Rodin Works: fugit amor

'Fugitive love' is a version of the popular theme of lovers, carried by the wind. Rodin detached this group of lovers from the 'The Gates of Hell', where it replaced 'The Kiss' around 1887 as the dominant group at the left door. Again, the love couple represents Francesca da Rimini and Paolo Malatesta, who were murdered for their illicit love affair and eternally damned.

While Rodin's female figure in her tenseness rises aloft, Fugit Amor, marble his male counterpart has a great deal of trouble in his supine position clinging to his lover.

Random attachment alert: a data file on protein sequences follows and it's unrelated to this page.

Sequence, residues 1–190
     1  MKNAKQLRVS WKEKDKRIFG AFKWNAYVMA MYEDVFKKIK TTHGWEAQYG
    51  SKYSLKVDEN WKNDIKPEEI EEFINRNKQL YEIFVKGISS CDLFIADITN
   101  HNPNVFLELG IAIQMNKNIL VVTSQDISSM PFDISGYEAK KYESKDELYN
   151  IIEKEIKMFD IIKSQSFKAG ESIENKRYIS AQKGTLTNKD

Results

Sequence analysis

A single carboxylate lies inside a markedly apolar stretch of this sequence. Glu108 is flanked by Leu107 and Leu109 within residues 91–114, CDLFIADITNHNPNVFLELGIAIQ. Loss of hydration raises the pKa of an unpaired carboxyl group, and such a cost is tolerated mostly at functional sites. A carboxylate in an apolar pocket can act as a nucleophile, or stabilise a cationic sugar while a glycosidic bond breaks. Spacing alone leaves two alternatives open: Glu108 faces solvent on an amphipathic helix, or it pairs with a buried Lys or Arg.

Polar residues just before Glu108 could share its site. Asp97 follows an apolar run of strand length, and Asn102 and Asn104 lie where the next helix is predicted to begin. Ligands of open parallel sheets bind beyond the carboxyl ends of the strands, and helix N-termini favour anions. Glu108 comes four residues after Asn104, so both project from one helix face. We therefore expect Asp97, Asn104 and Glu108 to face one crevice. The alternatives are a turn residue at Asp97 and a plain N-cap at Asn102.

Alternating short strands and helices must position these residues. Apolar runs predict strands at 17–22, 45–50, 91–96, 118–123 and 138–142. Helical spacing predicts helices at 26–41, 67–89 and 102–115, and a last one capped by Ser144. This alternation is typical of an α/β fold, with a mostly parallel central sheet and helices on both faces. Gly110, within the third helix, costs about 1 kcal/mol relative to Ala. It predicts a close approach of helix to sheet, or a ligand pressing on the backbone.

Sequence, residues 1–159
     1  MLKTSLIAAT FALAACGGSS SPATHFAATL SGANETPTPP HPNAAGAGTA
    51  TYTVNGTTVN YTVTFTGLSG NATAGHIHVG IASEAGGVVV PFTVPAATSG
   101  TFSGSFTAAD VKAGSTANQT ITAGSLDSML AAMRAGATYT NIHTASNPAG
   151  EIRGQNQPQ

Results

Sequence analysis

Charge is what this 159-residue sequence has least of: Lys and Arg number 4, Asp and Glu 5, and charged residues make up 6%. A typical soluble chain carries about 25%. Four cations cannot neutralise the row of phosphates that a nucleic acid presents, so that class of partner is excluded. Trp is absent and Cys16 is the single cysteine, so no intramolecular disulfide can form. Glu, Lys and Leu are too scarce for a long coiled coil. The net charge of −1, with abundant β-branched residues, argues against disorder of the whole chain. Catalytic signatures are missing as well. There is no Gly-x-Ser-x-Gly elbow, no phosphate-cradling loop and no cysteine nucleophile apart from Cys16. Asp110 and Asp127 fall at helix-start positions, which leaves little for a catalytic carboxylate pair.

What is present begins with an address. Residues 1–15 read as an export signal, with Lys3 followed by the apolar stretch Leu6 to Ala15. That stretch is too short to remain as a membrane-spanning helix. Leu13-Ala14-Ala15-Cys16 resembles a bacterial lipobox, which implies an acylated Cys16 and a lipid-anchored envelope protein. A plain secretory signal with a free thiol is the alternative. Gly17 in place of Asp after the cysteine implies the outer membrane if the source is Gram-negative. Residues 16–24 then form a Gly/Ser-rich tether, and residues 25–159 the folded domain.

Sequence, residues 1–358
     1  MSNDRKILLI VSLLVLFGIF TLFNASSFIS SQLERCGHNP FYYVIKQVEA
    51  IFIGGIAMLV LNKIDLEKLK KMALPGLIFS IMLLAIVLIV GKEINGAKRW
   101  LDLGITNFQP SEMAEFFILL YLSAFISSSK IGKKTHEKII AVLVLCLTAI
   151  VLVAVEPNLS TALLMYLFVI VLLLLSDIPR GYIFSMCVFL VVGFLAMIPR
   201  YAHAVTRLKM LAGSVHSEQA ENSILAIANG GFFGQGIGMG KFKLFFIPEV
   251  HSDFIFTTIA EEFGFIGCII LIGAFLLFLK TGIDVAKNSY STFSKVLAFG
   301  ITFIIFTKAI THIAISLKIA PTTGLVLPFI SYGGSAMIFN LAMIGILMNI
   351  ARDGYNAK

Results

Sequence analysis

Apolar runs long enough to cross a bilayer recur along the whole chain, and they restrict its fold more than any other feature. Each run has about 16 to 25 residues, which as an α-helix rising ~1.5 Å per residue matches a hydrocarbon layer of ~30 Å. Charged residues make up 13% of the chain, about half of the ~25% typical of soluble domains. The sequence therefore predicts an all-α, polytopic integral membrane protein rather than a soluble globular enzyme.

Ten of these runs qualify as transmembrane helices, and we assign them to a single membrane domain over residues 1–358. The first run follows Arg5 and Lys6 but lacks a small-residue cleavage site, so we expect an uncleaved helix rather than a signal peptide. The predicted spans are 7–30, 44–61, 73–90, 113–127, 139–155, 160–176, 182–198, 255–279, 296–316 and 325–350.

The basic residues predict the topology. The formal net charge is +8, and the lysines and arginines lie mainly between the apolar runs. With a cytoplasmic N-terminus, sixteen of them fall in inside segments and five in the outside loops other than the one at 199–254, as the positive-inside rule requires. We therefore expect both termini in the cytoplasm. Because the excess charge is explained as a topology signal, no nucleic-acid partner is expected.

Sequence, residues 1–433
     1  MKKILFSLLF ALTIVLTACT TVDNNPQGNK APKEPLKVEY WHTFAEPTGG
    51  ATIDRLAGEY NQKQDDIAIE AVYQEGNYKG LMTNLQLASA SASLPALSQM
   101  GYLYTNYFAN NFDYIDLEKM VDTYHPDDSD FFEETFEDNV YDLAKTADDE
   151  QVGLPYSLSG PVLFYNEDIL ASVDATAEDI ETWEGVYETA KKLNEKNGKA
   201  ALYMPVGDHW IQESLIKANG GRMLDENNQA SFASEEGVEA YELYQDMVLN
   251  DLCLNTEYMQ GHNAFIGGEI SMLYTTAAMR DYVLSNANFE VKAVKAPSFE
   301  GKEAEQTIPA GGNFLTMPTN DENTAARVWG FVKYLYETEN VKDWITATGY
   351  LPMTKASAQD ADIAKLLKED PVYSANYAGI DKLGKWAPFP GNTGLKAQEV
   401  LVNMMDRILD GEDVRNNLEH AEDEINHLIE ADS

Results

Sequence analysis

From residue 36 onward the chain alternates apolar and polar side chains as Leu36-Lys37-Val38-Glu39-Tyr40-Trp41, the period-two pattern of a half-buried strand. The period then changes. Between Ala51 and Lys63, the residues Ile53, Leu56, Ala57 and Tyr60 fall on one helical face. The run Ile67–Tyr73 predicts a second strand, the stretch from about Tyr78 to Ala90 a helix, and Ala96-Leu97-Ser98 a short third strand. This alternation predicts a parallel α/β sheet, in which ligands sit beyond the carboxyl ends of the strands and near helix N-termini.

The male figure later becomes an isolated personality the 'The Prodigal Son' in an upright and beseeching position. In his converations with Paul Gsell Rodin points out, that he exaggerated the tension of his muscles to underline the misery of the male figure:

"As he spoke he showed me on a pedestal nearby one of his most beautiful statues, a young man kneeling, raising suppliant arms to heaven. All his being is drawn out with anguish. His body is thrown backwards. The breast heaves, the throat is tense with despair, and the hands are thrown towards a mysterious being to which they long to cling."

  Paul Gsell, Rodin on Art and Artists, p. 11.

Paolo's head is used several times in 'The Gates of Hell' e.g. in 'Paolo and Francesca' and in 'Ugolino and his sons' - and known as 'Head of Sorrow' as an isolated fragment. 



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